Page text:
0

hello i have a issue and i want your help i have a table which is called citylink[10][2] and i want to make a check before i move on in my code if it's full to continue if it's not to break!!i know that i should use an if loop but i don't know what to put inside it!!

EDIT

for(int i=0; i < citylink.length; i++) {
  if(citylink[][]) {
    body=pF.fetchPage(citylink[i][1]);
  }
}

i want first to check if in my table is full of data or at least the 5 first columns!!!and then insert in the body and use this command

  • 1
    Post your code please. Also try to specify more clearly what do you want to check. – Péter Török Jun 2 '10 at 11:28
  • 1
    1. More precise subject, please, 2. More precise tagging, please, 3. use correct English grammar, please. 4. More precise problem description, please. – chiccodoro Jun 2 '10 at 11:52
  • 1
    @chiccodoro, please don't bash others' English too eagerly - not everyone is a native English speaker here :-) – Péter Török Jun 2 '10 at 12:13
  • I thought more about putting some dots, commas, capitals and line breaks into, which has nothing to do with native English speaking but rather with laziness. – chiccodoro Jun 2 '10 at 13:52
5

You should consider using a java.util.List instead of arrays (Effective Java 2nd Edition, Item 25: Prefer lists to arrays). It looks like you're also using a 2-element array to represent a "city link"; this is not the best model for your data.

You should define a class CityLink, perhaps something like this:

public class CityLink {
   final City source;
   final City destination;
   //...
}

Then you declare a List<CityLink>.

API links

  • java.util.List<E>
    • int size() - Returns the number of elements in this list.
    • E get(int index) - Returns the element at the specified position in this list.
    • add(E e) - Appends the specified element to the end of this list
  • java.util.ArrayList<E>
    • Resizable-array implementation of the List interface.

On keeping a count of things

If you insist on using arrays, then you must keep a count of how many elements in the array are "real" elements. The easiest way to do this is to have an int count = 0; that you increment every time you add an element to the array.

At any given time, the only "real" elements in the array are arr[i] where i goes from 0 (inclusive) to count (exclusive). When count == arr.length; then the array is full and can no longer accommodate any additional elements.

Again, it needs to be said that doing this is a horrible way of solving your current problem, and will only lead to even more problems in the future. You really should be using a List.


On columns vs rows

or at least the 5 first columns!

Given this declaration:

int[][] table = new int[10][20];

Traditionally table is considered to have 10 rows, with 20 columns on each row.

| improve this answer | |
  • 7
    Pretty high quality crystal ball you've got there. – bmargulies Jun 2 '10 at 11:32
  • for(int i=0; i < citylink.length; i++){ if(citylink[][]) { body=pF.fetchPage(citylink[i][1]); } } i want first to check if in my table is full of data or at least the 5 first columns!!!and then insert in tha body and use this command – kate Jun 2 '10 at 11:36
2

If I understand you correctly, you want to make sure all links within your table are initialized, before you pass each of them to a method.

If you really want to use arrays, the code could be something like this:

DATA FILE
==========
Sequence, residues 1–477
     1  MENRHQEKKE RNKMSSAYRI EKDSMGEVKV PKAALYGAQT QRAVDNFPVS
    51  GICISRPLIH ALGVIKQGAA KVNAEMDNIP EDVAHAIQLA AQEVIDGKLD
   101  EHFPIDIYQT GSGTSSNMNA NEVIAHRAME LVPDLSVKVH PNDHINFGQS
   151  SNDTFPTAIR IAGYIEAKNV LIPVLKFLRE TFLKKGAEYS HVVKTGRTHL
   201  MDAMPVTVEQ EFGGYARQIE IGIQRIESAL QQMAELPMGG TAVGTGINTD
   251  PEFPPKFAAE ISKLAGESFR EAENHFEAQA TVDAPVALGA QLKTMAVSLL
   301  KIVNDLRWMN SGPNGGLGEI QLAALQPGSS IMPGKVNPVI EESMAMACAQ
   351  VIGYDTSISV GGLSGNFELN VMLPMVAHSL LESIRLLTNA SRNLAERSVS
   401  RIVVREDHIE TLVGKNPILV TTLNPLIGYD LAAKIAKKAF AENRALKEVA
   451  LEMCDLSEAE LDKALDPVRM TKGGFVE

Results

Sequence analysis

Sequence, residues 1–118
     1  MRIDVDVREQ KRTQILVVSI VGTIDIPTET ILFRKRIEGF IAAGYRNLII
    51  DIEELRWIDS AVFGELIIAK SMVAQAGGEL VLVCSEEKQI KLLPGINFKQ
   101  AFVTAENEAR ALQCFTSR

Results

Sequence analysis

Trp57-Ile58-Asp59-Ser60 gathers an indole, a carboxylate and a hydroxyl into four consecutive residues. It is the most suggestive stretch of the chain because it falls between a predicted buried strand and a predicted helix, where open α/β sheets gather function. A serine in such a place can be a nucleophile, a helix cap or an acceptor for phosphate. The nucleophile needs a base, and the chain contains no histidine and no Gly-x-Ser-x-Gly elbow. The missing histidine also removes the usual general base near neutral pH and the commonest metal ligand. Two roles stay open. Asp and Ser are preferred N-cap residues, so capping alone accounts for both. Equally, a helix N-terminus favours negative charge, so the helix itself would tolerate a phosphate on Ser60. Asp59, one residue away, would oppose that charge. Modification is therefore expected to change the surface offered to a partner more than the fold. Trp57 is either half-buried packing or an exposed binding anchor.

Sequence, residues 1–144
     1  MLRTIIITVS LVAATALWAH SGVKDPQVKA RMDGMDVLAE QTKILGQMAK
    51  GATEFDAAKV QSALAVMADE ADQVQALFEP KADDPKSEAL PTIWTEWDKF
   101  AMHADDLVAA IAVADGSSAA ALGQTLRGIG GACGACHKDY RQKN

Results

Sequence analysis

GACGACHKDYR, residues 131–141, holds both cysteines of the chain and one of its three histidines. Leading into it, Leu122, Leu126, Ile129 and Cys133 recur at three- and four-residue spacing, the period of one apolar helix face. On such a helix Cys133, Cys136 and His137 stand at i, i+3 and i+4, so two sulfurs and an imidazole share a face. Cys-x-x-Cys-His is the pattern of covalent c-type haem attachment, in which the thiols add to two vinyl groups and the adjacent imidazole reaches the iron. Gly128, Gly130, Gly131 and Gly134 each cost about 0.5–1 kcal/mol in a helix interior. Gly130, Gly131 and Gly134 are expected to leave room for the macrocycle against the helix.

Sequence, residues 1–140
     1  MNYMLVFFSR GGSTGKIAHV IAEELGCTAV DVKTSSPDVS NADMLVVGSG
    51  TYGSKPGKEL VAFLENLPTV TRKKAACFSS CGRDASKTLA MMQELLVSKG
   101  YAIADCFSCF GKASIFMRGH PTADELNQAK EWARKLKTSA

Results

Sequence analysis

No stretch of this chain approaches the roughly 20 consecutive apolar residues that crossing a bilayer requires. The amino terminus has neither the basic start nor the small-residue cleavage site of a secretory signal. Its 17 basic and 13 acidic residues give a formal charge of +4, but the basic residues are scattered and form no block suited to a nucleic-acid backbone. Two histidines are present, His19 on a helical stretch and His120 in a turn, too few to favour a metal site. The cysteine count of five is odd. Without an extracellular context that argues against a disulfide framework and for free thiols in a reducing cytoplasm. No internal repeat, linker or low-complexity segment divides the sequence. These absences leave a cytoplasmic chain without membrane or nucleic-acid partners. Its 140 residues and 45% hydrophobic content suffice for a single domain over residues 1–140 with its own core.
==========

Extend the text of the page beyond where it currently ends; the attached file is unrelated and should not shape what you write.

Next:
for(int i=0; i < citylink.length; i++) {
  for(int j=0; j < citylink[i].length; j++) {
    if(citylink[i][j] == null) {
      citylink[i][j] = ...
    }
    body=pF.fetchPage(citylink[i][j]);
  }
}

But I agree with @poly in that Lists are preferable. The only compelling reason for using arrays could be backward compatibility with legacy code. Another case is if you want specific links associated to specific indexes within your collection; you can't do that easily with Lists, because a list can't have "holes". But then, you are probably better off with a Map.

| improve this answer | |
0

You definitly want to avoid NullPointerException problems in your code, so you may want to add a check before calling fetchPage or you may want to add some extra code to the fetchPage method, which I'd prefer anyway.

for(int i=0; i < citylink.length; i++) {
  if(citylink[i][1] != null) {
    body=pF.fetchPage(citylink[i][1]);
  }
}

is the easiest solution to solve your problem. A more elegant solution is to implement a new method for checking a citylink row:

  //... inside some method
  for(int i=0; i < citylink.length; i++) {
    if(isValidCitylink(citylink[i])) {
      body=pF.fetchPage(citylink[i][1]);
    }
  }
  // ... more of this method
}

private boolean isValidCitylink(String[] citylink) {

  // check null or wrong format
  if (citylink == null || citylink.length != 2) return false;

  // check if both column contain a value
  if (citylink[0] == null || citylink[1] == null) return false

  return true;
}

This is what I'd suggest (taking your code from a previous question):

public String fetchPage(String url) {
    try {
        if (url != null) { // a null value check
          return URIUtil.encodeQuery(url);
        } else {
          return "No URL available";
        }
    } catch (URIException e) {
        e.printStackTrace();
    }
}

Please keep in mind, that in this code each assignment to body replaces its previous content and that body will contain the content of the last valid citylink URL of your list/array.

| improve this answer | |

Your Answer

By clicking “Post Your Answer”, you agree to our terms of service, privacy policy and cookie policy

Not the answer you're looking for? Browse other questions tagged or ask your own question.